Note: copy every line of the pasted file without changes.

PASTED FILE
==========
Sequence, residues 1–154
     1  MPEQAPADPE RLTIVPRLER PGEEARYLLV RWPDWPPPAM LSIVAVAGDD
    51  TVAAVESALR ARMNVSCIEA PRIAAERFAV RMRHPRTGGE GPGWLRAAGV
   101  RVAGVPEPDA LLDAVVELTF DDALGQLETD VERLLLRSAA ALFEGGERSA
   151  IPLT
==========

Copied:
Sequence, residues 1–154
     1  MPEQAPADPE RLTIVPRLER PGEEARYLLV RWPDWPPPAM LSIVAVAGDD
    51  TVAAVESALR ARMNVSCIEA PRIAAERFAV RMRHPRTGGE GPGWLRAAGV
   101  RVAGVPEPDA LLDAVVELTF DDALGQLETD VERLLLRSAA ALFEGGERSA
   151  IPLT